Sobotta Atlas of Human Anatomy

Sobotta Atlas of Human Anatomy

260 AMERICAN JOURNAL OF OPHTHALMOLOGY suits of basic oculomotor research into a form useful to clinicians and to use this synthesis to interpret the...

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suits of basic oculomotor research into a form useful to clinicians and to use this synthesis to interpret the pathophysiology of the signs and symptoms of eye movement disorders. If one asks whether they have accomplished their task, the answer must be unequivocally affirma­ tive. Unlike several other texts and trans­ actions of symposia on eye movements that have been published in recent years, this book is written by clinicians for clini­ cians. Both authors are clinical neurolo­ gists with strong basic science back­ grounds. They have admirably assembled the large body of information on eye movements collected by sundry, and fre­ quently nonmedical, disciplines into an easily digested and readable format. The book is divided into nine chapters, beginning with a survey on eye move­ ments, their characteristics, and teleolo­ gy. This is followed by chapters on the vestibular and optokinetic system, the saccadic and smooth pursuit systems, vergences and versions, and eye-hand coordination. After this comprehensive introduction, two larger chapters cover the diagnosis of peripheral ocular motor palsies and strabismus and central ocular motor disorders. Two practically oriented appendices provide a scheme for the bed­ side ocular motor examination and sum­ marize current clinical methods of eye movement examination. Each chapter is followed by a succinct summary as well as a comprehensive bibliography. The only shortcomings of this book concern several aspects of the diagnosis of strabismus and the physiology of binoc­ ular vision. I wish the authors had sought expert advice in these areas which are outside their own speciality. For exam­ ple, it is not true that fusional vergence movements are, as a rule, accompanied by synkinetic changes in accommodation and pupillary size, that the alternate cover test is used to diagnose a heterophoria, and that the difference between primary and secondary deviation de­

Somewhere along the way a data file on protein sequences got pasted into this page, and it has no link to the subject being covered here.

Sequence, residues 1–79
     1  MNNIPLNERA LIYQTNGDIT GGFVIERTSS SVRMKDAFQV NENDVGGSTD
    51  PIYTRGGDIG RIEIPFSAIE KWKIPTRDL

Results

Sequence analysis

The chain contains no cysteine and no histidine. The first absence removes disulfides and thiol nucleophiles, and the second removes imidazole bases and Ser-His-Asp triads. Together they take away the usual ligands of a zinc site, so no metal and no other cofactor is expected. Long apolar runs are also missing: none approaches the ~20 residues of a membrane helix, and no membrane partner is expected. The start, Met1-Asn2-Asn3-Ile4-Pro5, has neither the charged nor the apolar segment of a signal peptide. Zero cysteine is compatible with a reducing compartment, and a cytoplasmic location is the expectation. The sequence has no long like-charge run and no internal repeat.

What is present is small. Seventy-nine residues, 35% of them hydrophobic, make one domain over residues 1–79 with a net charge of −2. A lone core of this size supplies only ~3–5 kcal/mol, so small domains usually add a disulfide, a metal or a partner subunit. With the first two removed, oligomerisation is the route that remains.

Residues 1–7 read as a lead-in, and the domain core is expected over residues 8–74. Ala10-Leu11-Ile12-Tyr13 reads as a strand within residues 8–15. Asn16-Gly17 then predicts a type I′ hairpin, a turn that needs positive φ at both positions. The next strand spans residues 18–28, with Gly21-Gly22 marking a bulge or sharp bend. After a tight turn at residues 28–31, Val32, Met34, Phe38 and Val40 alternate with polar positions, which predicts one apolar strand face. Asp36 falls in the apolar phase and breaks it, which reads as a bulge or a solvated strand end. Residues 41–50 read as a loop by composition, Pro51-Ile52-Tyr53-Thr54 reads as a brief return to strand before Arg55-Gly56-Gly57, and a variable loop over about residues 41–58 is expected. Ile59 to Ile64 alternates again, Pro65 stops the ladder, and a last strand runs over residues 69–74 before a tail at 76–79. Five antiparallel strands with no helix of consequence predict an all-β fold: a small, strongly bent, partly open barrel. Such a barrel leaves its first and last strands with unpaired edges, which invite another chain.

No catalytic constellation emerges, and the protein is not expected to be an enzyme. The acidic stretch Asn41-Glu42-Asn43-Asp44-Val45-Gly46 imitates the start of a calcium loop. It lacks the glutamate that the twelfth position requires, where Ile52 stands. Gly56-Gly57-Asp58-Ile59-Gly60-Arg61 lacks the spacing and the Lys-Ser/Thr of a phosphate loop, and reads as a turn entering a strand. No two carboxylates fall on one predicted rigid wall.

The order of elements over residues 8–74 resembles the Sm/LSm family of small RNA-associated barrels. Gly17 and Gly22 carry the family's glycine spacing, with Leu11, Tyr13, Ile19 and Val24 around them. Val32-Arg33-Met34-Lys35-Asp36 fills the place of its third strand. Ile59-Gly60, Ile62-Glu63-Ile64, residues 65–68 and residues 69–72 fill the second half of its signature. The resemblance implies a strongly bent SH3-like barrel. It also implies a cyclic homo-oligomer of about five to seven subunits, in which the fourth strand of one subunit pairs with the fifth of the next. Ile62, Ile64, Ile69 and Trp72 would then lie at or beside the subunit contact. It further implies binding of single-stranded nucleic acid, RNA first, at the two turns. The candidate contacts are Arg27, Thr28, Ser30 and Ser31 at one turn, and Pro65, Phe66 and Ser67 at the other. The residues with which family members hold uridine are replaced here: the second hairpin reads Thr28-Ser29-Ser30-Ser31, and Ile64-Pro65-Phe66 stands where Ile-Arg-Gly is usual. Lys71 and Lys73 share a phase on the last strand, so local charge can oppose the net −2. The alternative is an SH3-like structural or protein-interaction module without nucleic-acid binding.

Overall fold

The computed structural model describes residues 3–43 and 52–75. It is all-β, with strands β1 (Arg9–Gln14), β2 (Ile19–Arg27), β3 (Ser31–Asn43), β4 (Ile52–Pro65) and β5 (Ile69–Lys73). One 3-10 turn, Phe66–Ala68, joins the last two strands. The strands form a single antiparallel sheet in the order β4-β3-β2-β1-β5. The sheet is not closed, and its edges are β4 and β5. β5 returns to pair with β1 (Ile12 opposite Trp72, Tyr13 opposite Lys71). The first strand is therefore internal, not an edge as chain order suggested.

AUGUST, 1983

pends on eye position rather than on whether the patient fixates with the nor­ mal or paretic eye. Confusion of this latter issue is especially unfortunate as an understanding of H e r i n g s Law of equal innervation is indispensable in the differ­ ential diagnosis of paralytic strabismus from other forms.of ocular motility disor­ ders. Possibly these and other errors per­ taining to the physiology and pathophysiology of ocular motility disorders will be revised in a future edition. Despite these shortcomings, this book is full of useful and up-to-date informa­ tion and I recommend it highly to those with an interest in the physiology and pathophysiology of ocular motility, espe­ cially to neuro-ophthalmologists and neu­ rologists. G U N T E R K. VON N O O R D E N

Sobotta Atlas of Human Anatomy, 10th English ed., vols. 1 and 2. Edited by Helmut Ferner and Jochen Staubesand; translated by Walther J. Held. Balti­ more, Urban & Schwarzenberg, 1983. Hardcover, 757 pages, index, 735 color figures, 424 black and white figures. $85 ($42.50 each volume) Johannes Sobotta (1869-1945) was pro­ fessor of anatomy and director of the Anatomical Institute of the University of Bonn when this atlas was first published in 1904. This is the English translation of the 18th German edition. It is beautifully done in magnificent color with English labels. Bone anatomy is correlated with roentgenograms, there are Xerographs of soft tissues, arteriograms of the coronary arteries, and excellent depictions of clini­ cal, surgical, and anatomic relationships. With 1,159 figures, thousands of labels, and exquisite artwork, I may be carping to complain of minor errors in the eye section. The contraction furrows and col-